Arbitration Act 1966
Arbitration in England is governed by the Arbitration Act 1996 (the "Act"). The Act presents a statutory basis from which to enforce arbitration awards.
Section 66 of the Arbitration Act 1996
Under Section 66(1) of the Arbitration Act 1996:
"An award made by the tribunal pursuant to an arbitration agreement may, by leave of the court, be enforced in the same manner as a judgment or order of the court to the same effect."
To obtain the leave (permission) of the court an applicant has to be make a court application.. The application is made without notice to the opponent (respondent). Permission to enforce is usually given; judgment can then be entered in the terms of the award and the judgment can be enforced in the same way as a judgment.
An application for permission to enforce the award may be made to the High Court without notice to the respondent. The application must be supported by written evidence exhibiting the arbitration agreement and the original award (or copies of it). The application must also:
- state the name and place of residence or business of the applicant and the respondent; and
- state either that the award has not been complied with or the extent to which it has not been complied with as at the date of the application.
On being granted permission to enforce the award, the order giving that permission must be served on the respondent who must be informed that it can apply to the court to set aside the order. The period to do so will be 14 days after service of the order or, if served outside the jurisdiction of the English Court, then within such period as the court may direct.
Enforcement of an award by summary procedure under s.66 Arbitration Act 1996
Where awards are made by domestic tribunals these are usually enforced by summary procedure under s.66.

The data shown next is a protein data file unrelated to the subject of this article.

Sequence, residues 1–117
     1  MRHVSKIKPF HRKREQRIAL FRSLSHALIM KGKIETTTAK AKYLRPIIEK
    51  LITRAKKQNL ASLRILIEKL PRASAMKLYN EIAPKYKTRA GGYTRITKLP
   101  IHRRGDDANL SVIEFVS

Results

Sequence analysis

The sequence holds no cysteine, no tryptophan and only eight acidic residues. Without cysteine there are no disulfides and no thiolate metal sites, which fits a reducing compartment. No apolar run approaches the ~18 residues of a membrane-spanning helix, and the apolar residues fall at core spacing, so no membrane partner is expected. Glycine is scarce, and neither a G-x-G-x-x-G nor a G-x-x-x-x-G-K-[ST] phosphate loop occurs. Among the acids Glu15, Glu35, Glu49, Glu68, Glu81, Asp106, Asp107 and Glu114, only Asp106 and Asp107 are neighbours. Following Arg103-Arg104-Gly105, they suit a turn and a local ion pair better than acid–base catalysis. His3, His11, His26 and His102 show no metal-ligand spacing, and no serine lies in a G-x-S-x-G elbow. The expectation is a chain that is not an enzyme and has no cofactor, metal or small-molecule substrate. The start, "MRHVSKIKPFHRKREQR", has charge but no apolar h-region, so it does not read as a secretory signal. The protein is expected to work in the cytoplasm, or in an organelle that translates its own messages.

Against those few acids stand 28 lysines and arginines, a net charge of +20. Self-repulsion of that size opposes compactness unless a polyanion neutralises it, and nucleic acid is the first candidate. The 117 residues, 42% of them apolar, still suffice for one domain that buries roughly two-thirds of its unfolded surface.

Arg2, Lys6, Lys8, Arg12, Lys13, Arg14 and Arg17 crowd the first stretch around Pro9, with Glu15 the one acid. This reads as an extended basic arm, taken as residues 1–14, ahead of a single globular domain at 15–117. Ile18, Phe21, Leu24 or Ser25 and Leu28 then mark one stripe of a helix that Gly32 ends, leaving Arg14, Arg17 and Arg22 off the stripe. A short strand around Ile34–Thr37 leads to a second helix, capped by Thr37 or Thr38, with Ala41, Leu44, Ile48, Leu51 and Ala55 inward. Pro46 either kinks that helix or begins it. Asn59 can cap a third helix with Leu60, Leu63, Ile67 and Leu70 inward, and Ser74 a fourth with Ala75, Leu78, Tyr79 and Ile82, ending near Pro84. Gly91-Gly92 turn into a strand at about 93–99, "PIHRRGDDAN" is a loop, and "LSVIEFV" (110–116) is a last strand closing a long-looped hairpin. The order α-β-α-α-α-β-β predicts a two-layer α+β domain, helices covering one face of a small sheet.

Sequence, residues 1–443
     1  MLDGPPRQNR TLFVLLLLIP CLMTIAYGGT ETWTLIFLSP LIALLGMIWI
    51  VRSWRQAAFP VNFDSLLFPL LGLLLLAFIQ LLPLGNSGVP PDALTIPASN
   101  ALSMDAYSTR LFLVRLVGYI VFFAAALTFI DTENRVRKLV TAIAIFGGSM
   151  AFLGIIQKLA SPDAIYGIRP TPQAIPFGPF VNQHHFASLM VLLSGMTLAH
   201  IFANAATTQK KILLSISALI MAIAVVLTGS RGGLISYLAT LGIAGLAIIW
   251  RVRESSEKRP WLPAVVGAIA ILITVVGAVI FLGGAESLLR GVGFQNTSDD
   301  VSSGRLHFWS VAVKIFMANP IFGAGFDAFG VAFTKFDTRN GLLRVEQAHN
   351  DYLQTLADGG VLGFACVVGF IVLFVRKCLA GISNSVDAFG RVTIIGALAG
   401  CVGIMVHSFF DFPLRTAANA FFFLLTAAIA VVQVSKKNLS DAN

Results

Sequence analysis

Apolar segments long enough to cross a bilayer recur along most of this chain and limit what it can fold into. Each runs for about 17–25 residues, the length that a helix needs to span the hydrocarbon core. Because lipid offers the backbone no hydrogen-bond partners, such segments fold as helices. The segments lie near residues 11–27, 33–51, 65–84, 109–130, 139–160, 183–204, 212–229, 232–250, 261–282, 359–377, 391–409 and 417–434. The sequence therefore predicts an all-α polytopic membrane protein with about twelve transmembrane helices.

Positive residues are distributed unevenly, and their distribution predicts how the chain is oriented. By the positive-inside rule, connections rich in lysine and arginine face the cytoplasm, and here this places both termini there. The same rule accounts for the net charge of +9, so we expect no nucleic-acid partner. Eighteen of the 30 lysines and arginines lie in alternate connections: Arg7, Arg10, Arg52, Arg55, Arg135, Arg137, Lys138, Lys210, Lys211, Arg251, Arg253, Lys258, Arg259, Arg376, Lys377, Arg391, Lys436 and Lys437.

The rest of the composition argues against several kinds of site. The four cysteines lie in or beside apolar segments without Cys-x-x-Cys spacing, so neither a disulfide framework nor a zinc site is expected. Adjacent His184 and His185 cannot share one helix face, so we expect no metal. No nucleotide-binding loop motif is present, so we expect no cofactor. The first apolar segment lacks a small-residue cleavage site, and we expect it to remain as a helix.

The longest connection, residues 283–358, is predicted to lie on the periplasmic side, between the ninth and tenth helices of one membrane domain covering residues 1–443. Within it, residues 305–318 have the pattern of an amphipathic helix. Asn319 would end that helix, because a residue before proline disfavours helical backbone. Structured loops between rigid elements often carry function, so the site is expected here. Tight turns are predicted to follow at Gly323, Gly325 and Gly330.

An application may be made in relation to:
- the entire award;
- any part of the award that is left unpaid;
- the unpaid interest on the award; or
- the costs of the award.
The right of enforcement under s.66 of the Act has been held by the Court of Appeal to apply to declaratory awards where the applicant is seeking to establish the primacy of a declaratory award over an inconsistent judgment and where there is a reasonable prospect of primacy being established.
Once the applicant has produced to the court a valid award and arbitration agreement, the burden then shifts to the respondent who must provide evidence showing why the award ought not to be enforced.
The limitation periods (time-barring periods) applying to the enforcement of awards under s.66 of the Act mirror those which would apply to a court action on the award, being six years from the accrual date of the cause of action or twelve years if the arbitration agreement is under seal. The accrual date for these purposes is the date on which the obligation to carry out the award is breached. Note that enforcement of an award in England & Wales may still be possible despite the enforcement being time-barred in other jurisdictions.
Grounds for refusing permission to enforce an award under s.66 Arbitration Act 1996
S.66(3) of the Act provides that, where the Arbitration Tribunal lacks substantive jurisdiction to make an award, the court will not grant permission to enforce it. The right to object to the substantive jurisdiction of the Tribunal may be lost if such an objection was not made either forthwith or within such time as is allowed by the arbitration agreement, or within 28 days of the date of the award.
Where the award has been made following an oral arbitration agreement, it will not be possible to enforce that award under s.66 of the Act.
A number of grounds on which enforcement may be refused by the discretion of the courts have been recognised, many of which resemble the defences against enforcement of an award under the New York Convention. These include refusing permission to enforce an award that is ambiguous or defective, or where the application to enforce is time-barred. The courts may also refuse permission to enforce an award on the grounds of public policy (which is not excluded in the Act) where the court considers that public policy would not recognise the validity of such an award. Such an award may be described as one that attempts “to decide matters which our law does not accept can be resolved be this means”. The courts will also take into account any failure to take action in the courts of the seat of the arbitration where grounds for refusal of enforcement have been established.
The presumption is that summary enforcement will be permitted unless there is a real ground for doubting the validity of an award.
If there is a foreign judgment on the merits of the action pending, an applicant may be estopped from having an award enforced by the court.